Humans Rising with Isaac Morehouse

Praxis and Crash cofounder Isaac Morehouse

The relentless pursuit of freedom

In this episode, I speak with Isaac Morehouse, founder of Crash and Praxis, about his relentless pursuit of freedom. Isaac shares how Crash.Co and Praxis guide young people to make themselves the credential and by learning out loud, create value and prove it. 

We talk about how the false belief that a college credential will get you a job leads young people down a high risk path that might not get them where they want to go. Praxis is one of the lowest risk paths to success, with the main risk being the social risk of people viewing you as not “normal”. 

Praxis helps young adults adopt a value creation mindset, build tangible skills, get support from a community of creators, and land their first job with a start-up company. Learn why the Praxis program is free to those who are admitted and what it takes to get into Praxis. Discover why now is the moment to burn your resume and use a more effective approach with Crash. 

Connect with Isaac & Resources

Connect with Isaac Morehouse and find out more about Praxis and Crash.

Book that Isaac mentioned: Finite and Infinite Games by James Carse.

Transcript

Prefer to read? Download the PDF transcript here

Highlights

1:22 – Freedom is a lived experience. You need a bit of taste of it to be motivated to make a change. From Ludwig Von Mises, three pre-conditions to human action: dissatisfaction for status quo, vision for something better, and belief you can get there. 

3:30 – If you start with something that makes your life better and makes your more free, you’ll want more of it without having to be intellectually convinced of something. 

5:51 – The price you pay socially for taking your own path and not being “normal”. Praxis is radically practical – not normal, and immensely practical. 

7:51 – Live life on your own terms, so that when you struggle it’s your choice. 

8:50 – How to reduce the barriers to freedom. 

10:14 – CEOs of startups say their biggest constraint to growth is finding good people. 

11:15 – Isaac’s experience of college was so strange. Why do people go to college? What is the connection between college and career success? Purchasing a signal for the job market. “I’m no average, not going to be any worse than anyone else here.”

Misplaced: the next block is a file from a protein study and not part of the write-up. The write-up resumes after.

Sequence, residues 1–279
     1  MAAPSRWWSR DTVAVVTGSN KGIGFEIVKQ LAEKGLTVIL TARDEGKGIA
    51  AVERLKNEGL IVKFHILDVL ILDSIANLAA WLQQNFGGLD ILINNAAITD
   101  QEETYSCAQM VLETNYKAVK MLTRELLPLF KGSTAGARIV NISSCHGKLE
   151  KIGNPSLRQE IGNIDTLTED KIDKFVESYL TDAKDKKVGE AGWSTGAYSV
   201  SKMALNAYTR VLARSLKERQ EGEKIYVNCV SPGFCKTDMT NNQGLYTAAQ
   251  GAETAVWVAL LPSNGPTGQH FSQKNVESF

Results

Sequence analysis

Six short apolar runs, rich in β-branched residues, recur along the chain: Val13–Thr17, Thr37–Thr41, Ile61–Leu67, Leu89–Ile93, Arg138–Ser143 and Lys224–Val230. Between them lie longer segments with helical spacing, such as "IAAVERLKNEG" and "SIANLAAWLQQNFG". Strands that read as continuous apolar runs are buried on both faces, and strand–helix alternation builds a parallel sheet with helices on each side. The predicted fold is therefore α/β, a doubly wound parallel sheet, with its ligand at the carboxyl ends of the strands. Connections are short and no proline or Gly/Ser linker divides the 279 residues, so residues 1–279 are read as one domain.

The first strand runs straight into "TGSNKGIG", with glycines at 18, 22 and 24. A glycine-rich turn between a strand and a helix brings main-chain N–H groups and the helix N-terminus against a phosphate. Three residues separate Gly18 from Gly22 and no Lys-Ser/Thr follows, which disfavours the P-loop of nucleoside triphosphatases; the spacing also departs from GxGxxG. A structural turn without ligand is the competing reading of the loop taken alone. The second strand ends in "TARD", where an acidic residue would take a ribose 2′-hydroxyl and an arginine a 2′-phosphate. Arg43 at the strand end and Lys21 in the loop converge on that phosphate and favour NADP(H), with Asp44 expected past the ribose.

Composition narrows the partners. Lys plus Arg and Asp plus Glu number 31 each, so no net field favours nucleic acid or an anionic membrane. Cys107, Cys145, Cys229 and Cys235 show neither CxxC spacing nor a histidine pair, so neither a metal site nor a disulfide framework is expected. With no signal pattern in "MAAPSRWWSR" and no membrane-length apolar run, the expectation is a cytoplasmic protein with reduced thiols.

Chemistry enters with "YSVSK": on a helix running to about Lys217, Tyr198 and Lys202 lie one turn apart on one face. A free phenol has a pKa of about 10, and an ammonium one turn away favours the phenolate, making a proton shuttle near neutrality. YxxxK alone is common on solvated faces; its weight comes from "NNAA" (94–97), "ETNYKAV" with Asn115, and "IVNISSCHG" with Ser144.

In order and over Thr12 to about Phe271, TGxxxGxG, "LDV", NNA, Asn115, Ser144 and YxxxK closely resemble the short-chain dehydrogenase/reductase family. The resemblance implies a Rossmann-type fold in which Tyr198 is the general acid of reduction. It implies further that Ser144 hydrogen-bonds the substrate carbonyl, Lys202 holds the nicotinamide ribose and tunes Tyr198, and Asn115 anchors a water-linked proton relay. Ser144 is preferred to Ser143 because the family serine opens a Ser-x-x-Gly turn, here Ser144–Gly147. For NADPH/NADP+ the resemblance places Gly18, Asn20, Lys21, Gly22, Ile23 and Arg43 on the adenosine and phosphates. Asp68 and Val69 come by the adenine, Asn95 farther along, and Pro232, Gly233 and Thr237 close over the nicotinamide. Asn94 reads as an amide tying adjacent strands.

14:00 – What companies are really looking for when they hire someone for an entry level position (it’s not a degree, GPA, or extra-curriculars). 

15:50 – Why Praxis is designed the way it is. A net cost of $0 that increases the signal and teaches real skills. How it grew from 5 students to 120 each year.

18:20 – Why start-ups are the  ideal place to have your first job.

21:20 – The quicker you learn what you don’t like, the faster you will find what you love and where you can create value. The sooner you get real world experience the better. 

22:30 – Follow your passion is not the best way to figure out your career. The subtractive method that Isaac recommends. 

27:00 – How Praxis is the opposite of the schooled experience. Once the switch flips, people are on fire and start crushing it. It changes them forever. What’s on offer is never having to worry about getting a job ever again. 

28:20 – If you are someone who knows how to create value, learn on your own, and chase down your curiosity, that’s the first step. The next step is to prove that you can add value. 

30:10 – Why it’s so important to learn out loud and work out loud. Praxis is all about helping you build your human capital and you’re ability to create value.

33:00 – Crash helps poeple burn their resume and create tailored pitches to a short list of companies. 

36:00 – How Praxis screens its applicants and admits 15% of them. 

41:00 – One of the best elements and secret weapon of Praxis is the community of creators that help each other. 

49:10 – As mastery increases, tolerance and appetite for risk and competition increases and actually improves performance. 

 55:15 – Isaac values education so much he thinks it is too important to leave to schooling. Often you need to deschool yourself to discover that you love learning. We’ve got a society that is overschooled and undereducated.